School celebrates 90th anniversary

Published 1:43 am Friday, July 15, 2011

Alumni attending the Ware Creek Rosenwald School’s 90th anniversary include, (from left, front row) Vera Tripp and Earle Oden; (second row) Serena Hill Gaynor, Leon Carter, Hildred Willis, Beatrice Hutchinson and Helma Witchet; (third row) William Smith, Oswald Birt, Bunyan Keys and Thessalon Aldridge. (Submitted Photo)

The Ware Creek Rosenwald School and community center in Blounts Creek celebrated its 90th anniversary July 2.

Over 150 people attended the all-day reunion at which breakfast, lunch and dinner were served. During the day alumni and other citizens shared the history, the joy and the pride in this school building which they and their ancestors helped to build. They expressed special pride that the school is still in use as a community center and as an adult education center affiliated with Beaufort County Community College.

Leading the celebration, Phyllis Moore-Johnson, Serena Hill Gaynor and Helma Witchet, reported that it was a labor of love with a great deal of community support. Moore-Johnson acted as mistress of ceremony and introduced the alumni attending the event.

Oswald Birt, 89 years old, reported that he had enjoyed every day of school, but had to quit after seven years and go to work.

Earle Oden stated she was so very glad to go to school even though she had to walk five miles every day.

Julius Rosenwald Williams said, “Those school days were the best days of my life.”

Also attending the event were Ed Booth, Beaufort County commissioner; Patricia Bragg, Aurora town commissioner; Sally Love, director, Eagle’s Wings; Ricky Hines, representing the N.C. Department of Agriculture in Greenville; Carol Shields, director of renovations of the Rosenwald Center in Hamilton, and the musical group Dreams Come True with Luther Harvey as singer.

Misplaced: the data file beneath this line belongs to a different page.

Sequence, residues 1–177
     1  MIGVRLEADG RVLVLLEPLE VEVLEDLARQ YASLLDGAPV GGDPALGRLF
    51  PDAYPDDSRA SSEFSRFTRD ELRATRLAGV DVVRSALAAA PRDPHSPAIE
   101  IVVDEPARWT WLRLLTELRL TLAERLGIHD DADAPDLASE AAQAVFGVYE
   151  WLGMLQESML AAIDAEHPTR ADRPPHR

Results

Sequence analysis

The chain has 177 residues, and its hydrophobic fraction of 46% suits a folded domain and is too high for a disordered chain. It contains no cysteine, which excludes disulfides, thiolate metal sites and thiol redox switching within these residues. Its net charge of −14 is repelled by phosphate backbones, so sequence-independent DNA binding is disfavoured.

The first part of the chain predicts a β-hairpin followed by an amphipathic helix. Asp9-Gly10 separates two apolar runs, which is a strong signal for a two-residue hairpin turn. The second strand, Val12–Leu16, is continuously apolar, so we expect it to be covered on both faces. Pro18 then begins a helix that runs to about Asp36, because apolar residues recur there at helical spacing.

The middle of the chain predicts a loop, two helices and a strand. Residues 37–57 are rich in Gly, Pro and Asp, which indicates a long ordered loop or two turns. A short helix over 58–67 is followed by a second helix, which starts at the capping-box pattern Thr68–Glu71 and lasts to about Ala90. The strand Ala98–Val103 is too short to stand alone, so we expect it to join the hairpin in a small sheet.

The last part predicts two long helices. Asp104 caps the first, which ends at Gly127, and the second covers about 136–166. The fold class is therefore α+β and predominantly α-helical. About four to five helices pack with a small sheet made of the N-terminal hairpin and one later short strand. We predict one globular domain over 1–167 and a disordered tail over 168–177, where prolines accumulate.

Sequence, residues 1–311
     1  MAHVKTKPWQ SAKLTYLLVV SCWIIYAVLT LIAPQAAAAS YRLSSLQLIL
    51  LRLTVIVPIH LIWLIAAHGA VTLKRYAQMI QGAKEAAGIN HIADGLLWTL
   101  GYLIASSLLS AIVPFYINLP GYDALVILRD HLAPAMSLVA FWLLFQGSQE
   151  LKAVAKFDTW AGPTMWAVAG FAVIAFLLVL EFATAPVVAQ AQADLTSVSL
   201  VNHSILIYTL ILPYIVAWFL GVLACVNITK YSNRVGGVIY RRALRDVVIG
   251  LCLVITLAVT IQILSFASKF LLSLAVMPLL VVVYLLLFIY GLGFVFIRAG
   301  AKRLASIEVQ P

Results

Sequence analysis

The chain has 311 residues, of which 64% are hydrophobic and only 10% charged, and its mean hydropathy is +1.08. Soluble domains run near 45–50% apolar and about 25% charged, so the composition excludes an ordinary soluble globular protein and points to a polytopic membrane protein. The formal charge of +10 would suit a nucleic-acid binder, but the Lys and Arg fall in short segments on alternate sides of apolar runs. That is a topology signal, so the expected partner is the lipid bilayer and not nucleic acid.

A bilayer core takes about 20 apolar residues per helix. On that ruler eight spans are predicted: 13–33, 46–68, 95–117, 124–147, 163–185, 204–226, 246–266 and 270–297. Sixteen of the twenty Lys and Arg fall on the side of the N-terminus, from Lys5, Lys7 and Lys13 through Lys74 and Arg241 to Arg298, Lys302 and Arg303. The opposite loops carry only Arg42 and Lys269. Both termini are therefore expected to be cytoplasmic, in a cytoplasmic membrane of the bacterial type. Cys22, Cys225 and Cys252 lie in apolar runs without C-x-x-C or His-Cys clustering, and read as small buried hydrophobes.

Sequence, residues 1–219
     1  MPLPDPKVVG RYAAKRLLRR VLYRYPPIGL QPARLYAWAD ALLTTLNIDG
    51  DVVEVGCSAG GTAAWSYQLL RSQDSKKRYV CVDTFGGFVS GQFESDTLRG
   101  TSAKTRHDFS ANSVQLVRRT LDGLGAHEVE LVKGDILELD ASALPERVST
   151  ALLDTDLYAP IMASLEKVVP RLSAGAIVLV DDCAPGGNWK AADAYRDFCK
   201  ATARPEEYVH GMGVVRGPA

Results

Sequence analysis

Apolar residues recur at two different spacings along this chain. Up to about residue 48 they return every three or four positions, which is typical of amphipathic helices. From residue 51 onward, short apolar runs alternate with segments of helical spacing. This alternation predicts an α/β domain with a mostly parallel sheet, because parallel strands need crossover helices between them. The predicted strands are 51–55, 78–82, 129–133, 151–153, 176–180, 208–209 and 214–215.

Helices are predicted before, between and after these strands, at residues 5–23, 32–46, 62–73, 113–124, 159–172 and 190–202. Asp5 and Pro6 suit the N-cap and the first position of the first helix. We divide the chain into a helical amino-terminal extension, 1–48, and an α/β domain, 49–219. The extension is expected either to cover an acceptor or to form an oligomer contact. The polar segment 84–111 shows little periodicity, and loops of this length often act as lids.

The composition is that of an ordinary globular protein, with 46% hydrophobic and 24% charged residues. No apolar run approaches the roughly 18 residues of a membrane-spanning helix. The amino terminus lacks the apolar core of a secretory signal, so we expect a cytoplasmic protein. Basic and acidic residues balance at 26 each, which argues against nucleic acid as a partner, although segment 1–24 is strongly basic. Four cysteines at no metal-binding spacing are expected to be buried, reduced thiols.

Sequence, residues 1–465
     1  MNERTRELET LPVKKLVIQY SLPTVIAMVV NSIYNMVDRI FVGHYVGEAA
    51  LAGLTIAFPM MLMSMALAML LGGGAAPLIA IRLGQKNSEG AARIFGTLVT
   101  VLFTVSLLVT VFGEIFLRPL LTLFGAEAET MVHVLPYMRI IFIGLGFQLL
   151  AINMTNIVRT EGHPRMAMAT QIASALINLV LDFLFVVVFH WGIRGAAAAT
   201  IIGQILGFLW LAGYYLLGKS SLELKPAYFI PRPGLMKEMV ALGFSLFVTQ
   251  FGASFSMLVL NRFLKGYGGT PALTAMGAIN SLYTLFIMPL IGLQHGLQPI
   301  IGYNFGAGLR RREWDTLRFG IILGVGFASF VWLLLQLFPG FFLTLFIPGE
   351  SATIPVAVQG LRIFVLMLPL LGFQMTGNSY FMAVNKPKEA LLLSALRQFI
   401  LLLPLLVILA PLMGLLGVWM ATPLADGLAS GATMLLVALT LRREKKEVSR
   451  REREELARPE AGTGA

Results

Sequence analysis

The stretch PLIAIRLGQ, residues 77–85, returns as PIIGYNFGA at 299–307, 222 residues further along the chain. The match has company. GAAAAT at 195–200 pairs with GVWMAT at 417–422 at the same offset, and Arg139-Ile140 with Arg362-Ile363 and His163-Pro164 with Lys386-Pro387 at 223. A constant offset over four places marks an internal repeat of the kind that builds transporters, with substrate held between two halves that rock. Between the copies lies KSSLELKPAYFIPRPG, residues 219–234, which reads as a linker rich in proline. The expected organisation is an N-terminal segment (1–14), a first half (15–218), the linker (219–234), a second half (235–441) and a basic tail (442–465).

Alethea Williams-King, president of Ware Creek Community Development Program Inc., presented the history of the Ware Creek Rosenwald School.

The school was built in 1921 at a cost of $3,800 and was known as Chocowinity Colored School No. 2. Black citizens in the area contributed $800, Beaufort County, $2,000, and Julius Rosenwald, $1,000.

This union came about because Booker T. Washington and Julius Rosenwald, president and part owner of Sears-Roebuck in Chicago, were friends. Washington enlisted the help of Rosenwald, a philanthropist, to help build schools for black children in the southern part of the United States. The agreement was that Rosenwald would provide “seed money” for a black community that wanted a school and was willing to contribute funds to the building. Over 5,000 educational buildings in 15 southern states were built. In North Carolina, 813 were built.

In 1932, the building project ended with Rosenwald having contributed $4.3 million and black citizens $4.7 million.

In Beaufort County six Rosenwald schools were built – one in Washington on River Road, Bath, Leechville and Ware Creek, and two in Pantego with one still standing.

Williams-King reported the Ware Creek school closed in 1952 and the students were divided between the Washington and Aurora schools.

In 1954, the Ware Creek community purchased the school and continued to maintain it until 1994. At that time, outside assistance was needed to continue the task of remodeling. Major funding was provided by the North Carolina Department of Cultural Resources and the Covington and Z. Smith Reynolds foundations.

“However, assistance to complete the restoration of this historic landmark is still needed and contributions are tax-deductible,” Williams-King stated.

It was concluded that Beaufort County is filled with historic sites, but none more important than the Rosenwald schools – they changed the lives of a people. They were built by the black communities with the help of Julius Rosenwald and major support by the county.